In this seven part video class we take you through everything from site preparation and materials selection to tips to help you make the most of every square inch of your planting space. Andy teaches a great lesson on setting up an easy drip irrigation system that can be adapted to each bed, each crop and each season and we also show you how to adjust the basic bed design to accommodate a simple hoop frame.

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Now you can protect against weather and insects to further extend the harvesting season and improve productivity.

Seriously you can do this – Andy makes it so easy! Design the raised bed that works best for you then build it yourself with our help.

What’s so special about Craftsy? Their videos are exceptionally high quality, your subscription never expires, you can interact with fellow students and your instructors and if you’re not satisfied Craftsy will refund your money! What’s to lose?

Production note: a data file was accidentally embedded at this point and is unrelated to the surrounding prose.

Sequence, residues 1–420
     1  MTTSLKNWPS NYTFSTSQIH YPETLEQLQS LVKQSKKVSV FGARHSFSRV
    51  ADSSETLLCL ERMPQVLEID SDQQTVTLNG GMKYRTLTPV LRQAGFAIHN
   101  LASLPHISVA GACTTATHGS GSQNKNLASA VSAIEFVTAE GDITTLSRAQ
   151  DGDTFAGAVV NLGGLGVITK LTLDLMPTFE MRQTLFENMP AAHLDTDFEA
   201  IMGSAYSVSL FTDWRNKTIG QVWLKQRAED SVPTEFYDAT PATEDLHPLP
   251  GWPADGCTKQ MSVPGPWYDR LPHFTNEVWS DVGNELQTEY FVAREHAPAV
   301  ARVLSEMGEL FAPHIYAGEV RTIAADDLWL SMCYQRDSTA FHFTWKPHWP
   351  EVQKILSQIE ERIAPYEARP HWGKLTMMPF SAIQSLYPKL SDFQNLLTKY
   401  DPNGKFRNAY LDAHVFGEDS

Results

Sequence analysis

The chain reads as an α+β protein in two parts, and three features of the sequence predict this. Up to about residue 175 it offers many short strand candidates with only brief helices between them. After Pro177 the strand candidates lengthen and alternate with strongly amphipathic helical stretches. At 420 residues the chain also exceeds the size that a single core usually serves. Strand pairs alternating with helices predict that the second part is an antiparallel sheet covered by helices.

Our new class goes live on April 13th but right now you can enter to win the class for free.

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Click to be entered to win this class for FREE!

 

Just click on the photo above to be entered. The giveaway ends midnight PST April 12th 2015.

Get ready to grow an abundance of healthy vegetables and fruit this year.

CONGRATULATIONS to the winner Ena Ronanyne!

Didn’t win? Well how about a consolation prize; click here to take my class for HALF PRICE.

 

Photo credit; Craftsy. Location; garden of Susi and Jose Torre Bueno, San Diego

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Punch Up the Color!